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Why the dollar dominates global currency

Dollar and Euro notes are displayed in London, England.

What the Fed does on interest rates matters not just to Americans, but the entire global economy -- and that's because the dollar continues to tighten its grip as the world's reserve currency.Foreign investors holding trillions in securities and dollar assets have an incentive to the keep the currency afloat — even when the value of the dollar declines.

It's what Cornell economics professor Eswar Prasad calls the "Dollar Trap."

"The financial crisis had its origins in the U.S., the federal reserve has been pumping huge amounts of dollars into the global financial system, which ought to cheapen its value." Prasad says. "[But] In times of turmoil, the world wants safety, and the U.S. is still seen as the safest place to invest."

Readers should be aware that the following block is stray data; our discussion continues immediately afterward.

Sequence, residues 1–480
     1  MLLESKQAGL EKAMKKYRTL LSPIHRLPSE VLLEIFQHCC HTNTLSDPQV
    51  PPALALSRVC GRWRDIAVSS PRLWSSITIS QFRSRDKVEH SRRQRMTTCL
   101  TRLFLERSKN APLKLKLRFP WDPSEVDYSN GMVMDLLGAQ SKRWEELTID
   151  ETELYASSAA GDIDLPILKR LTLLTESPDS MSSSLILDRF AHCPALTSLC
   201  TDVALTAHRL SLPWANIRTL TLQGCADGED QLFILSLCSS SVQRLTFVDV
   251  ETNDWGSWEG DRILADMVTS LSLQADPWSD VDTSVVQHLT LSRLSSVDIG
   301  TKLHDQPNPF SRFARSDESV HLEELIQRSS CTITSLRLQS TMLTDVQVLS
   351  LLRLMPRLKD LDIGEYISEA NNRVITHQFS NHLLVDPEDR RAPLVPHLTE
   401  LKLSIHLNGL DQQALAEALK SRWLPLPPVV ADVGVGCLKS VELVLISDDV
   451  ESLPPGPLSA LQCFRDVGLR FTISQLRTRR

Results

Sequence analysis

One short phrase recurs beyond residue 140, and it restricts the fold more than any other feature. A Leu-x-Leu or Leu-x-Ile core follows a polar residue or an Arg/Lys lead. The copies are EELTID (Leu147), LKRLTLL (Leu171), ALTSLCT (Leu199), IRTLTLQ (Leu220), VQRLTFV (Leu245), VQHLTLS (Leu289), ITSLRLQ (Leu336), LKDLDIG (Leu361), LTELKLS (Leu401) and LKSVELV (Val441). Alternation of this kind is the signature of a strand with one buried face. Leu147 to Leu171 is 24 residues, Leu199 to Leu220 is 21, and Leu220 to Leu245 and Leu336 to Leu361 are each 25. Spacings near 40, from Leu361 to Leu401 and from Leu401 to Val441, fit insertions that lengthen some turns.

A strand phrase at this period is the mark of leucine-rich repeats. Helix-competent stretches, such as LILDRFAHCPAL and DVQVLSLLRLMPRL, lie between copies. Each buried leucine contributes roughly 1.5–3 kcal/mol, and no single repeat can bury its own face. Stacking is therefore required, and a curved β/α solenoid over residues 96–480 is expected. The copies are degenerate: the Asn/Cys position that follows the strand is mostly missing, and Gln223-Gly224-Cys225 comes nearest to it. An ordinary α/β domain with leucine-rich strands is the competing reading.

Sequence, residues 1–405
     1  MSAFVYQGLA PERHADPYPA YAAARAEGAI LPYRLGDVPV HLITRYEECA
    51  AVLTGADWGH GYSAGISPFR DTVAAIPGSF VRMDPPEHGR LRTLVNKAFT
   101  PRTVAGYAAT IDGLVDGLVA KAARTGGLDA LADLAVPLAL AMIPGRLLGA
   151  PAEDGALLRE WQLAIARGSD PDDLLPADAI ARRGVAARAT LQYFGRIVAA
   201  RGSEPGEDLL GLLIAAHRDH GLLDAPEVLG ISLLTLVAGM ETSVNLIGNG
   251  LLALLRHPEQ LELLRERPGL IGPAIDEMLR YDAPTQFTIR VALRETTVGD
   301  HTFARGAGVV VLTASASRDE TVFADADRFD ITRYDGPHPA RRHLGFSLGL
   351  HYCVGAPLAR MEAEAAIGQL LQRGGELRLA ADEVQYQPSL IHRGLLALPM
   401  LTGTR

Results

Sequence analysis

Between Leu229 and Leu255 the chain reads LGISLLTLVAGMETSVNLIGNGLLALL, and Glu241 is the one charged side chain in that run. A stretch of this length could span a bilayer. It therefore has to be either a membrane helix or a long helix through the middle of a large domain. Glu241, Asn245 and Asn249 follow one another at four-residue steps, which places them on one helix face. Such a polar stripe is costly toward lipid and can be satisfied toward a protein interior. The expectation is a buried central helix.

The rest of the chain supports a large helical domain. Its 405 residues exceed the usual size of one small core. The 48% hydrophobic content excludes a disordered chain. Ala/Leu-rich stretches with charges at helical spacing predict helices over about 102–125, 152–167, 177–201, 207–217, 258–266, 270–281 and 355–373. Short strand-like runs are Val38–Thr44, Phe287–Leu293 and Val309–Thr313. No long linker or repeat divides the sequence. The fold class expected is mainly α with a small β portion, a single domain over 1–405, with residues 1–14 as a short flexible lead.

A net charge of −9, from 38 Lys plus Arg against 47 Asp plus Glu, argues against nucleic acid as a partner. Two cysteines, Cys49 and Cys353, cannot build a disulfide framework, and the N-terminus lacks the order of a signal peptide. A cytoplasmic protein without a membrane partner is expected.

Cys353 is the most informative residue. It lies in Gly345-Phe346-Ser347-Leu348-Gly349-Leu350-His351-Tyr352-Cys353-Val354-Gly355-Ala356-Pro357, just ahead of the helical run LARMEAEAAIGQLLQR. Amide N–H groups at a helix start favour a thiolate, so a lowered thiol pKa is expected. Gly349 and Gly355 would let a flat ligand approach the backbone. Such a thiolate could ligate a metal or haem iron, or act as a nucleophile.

So what happens if the world loses faith in the dollar?

Prasad examined several tipping-point scenarios. He found this could result in turmoil for the U.S. financial market, and in turn, spread to the rest of the world.

"The dollar's value is stronger than it ought to be. That means fewer jobs, less exports, so it's not all together a good thing for the U.S.," he says.

About the author

Kai Ryssdal is the host and senior editor of Marketplace, public radio’s program on business and the economy.

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